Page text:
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The Congregationalist March 2019

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MARCH 2019 VOL 171 NO 1 Toward a Congregational Missiology WHAT IS A Congregational Church CHRISTIAN UNITY Achieved Published by the National Association of Congregational Christian Churches c o n g r e g a t i o n a l i s t o r g

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We ve changed our look Not our mission We have a new contemporary look to our name But our focus remains the same helping the men and women who serve God envision what is financially possible for their lives now and in the future Let s get started BENEFITS AND RETIREMENT PLANS CERTIFIED FINANCIAL PLANNER TM PROFESSIONALS TEN FUNDS COMPETITIVE RETURNS FREE UNBIASED ADVICE mmbb org 800 986 6222 The Ministers and Missionaries Benefit Board

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Table of CONTENTS Features 6 10 14 16 18 20 22 24 27 28 29 Toward a Congregationalist Missiology ON THE COVER Newfield Community Church Winter 2018 What is a Congregational Church Photo by Tayt Dame Providence Endowment Buckles Aprons and the Plymouth Golden Thread Same Date Three Convocations Prophecy Revealed to Me Departments Christian Unity Achieved A Labor of Love Quiet Day Retreat Form An Easter Hope 65th AMC Speakers 4 11 12 23 23 30 31 OUR VOYAGE TOGETHER Christ is Risen ALONG THE WAY NEWS AND NEEDS LETTERS TO THE EDITOR NECROLOGY PASTORATES AND PULPITS CALENDAR EDITORIAL STATEMENT All content in The Congregationalist appears by the authority of the editor We reserve freedom of expression to our authors and freedom of opinion to our readers Except for service information clearly sponsored by the National Association of Congregational Christian Churches NACCC or its component parts content does not necessarily reflect policies and opinions of the NACCC Neither The Congregationalist nor the NACCC has a creed or holds positions on social or theological issues but we recognize the authority of each local church to do so for itself if and as it wishes and we encourage thoughtful and respectful discussion of our agreements and differences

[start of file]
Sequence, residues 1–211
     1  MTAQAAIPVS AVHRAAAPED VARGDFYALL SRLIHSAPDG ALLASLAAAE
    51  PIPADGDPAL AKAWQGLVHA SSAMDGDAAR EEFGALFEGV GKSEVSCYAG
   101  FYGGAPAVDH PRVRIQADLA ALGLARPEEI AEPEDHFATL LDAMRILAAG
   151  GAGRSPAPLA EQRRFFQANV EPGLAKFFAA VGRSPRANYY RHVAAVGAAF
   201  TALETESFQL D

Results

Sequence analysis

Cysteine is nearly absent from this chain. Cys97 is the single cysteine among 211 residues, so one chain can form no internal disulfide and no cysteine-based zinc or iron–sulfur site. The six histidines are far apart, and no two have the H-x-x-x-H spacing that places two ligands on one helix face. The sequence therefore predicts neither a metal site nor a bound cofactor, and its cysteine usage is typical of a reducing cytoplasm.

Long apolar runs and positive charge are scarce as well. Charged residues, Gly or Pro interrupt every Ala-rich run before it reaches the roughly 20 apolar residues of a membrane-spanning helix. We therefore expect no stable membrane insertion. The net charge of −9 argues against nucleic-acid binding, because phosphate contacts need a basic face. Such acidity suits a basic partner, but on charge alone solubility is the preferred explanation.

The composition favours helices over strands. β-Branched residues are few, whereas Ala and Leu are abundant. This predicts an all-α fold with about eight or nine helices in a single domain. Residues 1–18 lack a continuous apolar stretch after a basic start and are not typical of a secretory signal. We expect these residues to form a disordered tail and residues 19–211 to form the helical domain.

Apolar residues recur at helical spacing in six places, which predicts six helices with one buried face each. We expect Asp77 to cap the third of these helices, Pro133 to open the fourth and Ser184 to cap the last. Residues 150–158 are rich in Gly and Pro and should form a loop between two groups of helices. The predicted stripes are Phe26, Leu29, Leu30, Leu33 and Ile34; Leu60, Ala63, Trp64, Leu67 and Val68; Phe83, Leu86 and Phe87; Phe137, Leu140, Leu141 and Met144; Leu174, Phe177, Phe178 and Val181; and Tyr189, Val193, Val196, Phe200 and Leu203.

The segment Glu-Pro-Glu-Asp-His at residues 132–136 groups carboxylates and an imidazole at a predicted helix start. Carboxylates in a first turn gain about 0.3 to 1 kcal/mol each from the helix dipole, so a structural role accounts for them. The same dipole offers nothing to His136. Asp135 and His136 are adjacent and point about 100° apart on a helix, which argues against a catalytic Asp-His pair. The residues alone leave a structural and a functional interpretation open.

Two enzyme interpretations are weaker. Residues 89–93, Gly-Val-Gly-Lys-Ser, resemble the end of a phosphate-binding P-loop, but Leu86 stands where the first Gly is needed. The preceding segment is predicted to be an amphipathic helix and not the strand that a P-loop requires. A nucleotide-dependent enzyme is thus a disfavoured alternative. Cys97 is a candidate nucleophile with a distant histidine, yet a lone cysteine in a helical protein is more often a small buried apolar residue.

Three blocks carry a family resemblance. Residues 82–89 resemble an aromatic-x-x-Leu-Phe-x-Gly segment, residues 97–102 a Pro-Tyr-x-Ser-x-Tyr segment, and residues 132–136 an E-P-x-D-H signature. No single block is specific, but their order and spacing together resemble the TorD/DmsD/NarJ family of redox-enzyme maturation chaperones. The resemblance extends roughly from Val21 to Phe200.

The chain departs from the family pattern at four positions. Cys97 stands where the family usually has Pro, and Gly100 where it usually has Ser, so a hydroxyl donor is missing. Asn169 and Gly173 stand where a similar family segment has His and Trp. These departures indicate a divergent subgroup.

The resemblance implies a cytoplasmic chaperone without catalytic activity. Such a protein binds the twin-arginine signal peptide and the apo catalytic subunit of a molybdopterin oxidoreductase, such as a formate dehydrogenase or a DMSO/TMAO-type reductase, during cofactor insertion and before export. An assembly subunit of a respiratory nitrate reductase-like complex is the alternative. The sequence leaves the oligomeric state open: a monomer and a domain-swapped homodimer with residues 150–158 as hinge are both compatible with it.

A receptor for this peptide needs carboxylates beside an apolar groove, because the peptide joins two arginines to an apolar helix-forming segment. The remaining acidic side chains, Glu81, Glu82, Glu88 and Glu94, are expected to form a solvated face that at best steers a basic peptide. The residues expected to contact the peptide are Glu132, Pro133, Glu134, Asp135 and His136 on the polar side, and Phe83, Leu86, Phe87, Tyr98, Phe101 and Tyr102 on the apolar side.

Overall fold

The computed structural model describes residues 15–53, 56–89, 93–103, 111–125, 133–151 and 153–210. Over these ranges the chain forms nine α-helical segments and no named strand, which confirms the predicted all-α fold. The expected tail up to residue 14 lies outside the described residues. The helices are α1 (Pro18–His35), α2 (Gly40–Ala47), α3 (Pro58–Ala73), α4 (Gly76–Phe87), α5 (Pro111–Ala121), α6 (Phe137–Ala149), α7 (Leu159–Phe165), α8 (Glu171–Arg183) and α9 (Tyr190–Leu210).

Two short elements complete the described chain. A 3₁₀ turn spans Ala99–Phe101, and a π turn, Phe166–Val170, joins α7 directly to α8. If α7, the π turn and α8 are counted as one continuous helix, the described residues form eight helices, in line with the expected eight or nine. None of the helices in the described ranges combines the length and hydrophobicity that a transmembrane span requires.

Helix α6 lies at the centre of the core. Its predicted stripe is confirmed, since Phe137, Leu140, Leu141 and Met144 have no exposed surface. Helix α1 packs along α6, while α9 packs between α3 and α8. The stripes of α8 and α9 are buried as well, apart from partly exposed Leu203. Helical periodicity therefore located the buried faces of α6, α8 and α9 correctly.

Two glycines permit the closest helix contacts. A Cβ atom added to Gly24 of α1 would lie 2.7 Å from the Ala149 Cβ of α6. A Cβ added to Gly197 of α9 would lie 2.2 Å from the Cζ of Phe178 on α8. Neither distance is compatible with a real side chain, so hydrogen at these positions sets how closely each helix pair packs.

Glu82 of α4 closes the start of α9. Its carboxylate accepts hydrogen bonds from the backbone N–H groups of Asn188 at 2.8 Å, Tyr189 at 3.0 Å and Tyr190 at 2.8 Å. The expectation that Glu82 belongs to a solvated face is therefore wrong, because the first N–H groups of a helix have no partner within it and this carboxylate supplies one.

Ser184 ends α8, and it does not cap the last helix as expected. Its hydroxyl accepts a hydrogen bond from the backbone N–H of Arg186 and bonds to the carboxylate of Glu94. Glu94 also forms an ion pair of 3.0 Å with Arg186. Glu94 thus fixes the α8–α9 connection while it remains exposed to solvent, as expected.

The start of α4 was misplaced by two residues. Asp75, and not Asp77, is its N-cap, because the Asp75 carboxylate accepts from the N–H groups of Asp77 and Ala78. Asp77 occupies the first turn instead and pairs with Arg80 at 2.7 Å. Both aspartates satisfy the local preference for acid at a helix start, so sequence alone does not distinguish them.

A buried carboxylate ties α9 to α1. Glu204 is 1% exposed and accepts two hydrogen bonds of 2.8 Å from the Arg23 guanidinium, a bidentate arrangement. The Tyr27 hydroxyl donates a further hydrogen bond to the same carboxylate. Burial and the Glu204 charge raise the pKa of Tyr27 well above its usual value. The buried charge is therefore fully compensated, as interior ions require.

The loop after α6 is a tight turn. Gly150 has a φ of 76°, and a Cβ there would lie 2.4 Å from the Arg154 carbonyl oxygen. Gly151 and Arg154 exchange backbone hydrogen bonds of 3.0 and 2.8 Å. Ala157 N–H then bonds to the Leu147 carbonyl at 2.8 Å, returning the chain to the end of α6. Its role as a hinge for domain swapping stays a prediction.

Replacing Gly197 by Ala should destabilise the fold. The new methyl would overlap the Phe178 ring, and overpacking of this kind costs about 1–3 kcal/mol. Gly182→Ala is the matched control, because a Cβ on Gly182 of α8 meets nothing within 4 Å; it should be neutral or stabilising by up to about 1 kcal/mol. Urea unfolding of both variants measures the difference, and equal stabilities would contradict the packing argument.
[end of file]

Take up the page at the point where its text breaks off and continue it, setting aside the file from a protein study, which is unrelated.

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OUR Voyage TOGETHER By Michael Chittum Executive Director National Association of Congregational Christian Churches CHRIST IS RISEN Christ is Risen indeed M any years ago as I was serving as the pastor of the Plymouth Congregational Church in Wichita Kansas I experienced what was for me one of the most meaningful services on Easter Sunday morning We had had the usual services during Holy Week On Thursday evening we did a Maundy Thursday service On Friday we observed a Good Friday service Howard Webb our choir director and I knew though as meaningful as those services were only a fraction of the people attended them as compared to Palm Sunday worship with its emphasis on the Triumphal Entry into Jerusalem and as compared to the crowd for Easter 4 morning worship with its emphasis on the Resurrection So we decided to add to the usual elements of an Easter Sunday morning worship service to help communicate the full range of events and emotions of Holy Week Our Easter morning worship was packed with families all dressed in their Easter best The service began with me reading the ending part of the account of the crucifixion narrative from Luke s gospel Then one of our sopranos stood at the front of the sanctuary and sang Were you There I then read the opening of the resurrection narrative from Luke s gospel 24 1 5 When I finished reading the words He is not here but he has risen the organ began playing Up From the Grave He Arose as the choir processed in singing that hymn with all of the congregation joining in song That Easter service helped me remember the power and the hope of God at work in our world even in the most hopeless situations In this Easter season may you also be strengthened and comforted by that reality Christ is Risen Christ is Risen indeed Blessings Michael

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HOSTED BY THE OHIO ASSOCIATION JUNE 22 25 2019 Cleveland Airport Marriott u Cleveland Ohio Rev Dr Brett Younger Bible Lecturer Rev John Tamilio III Ph D Congregational Lecturer For registration forms www naccc org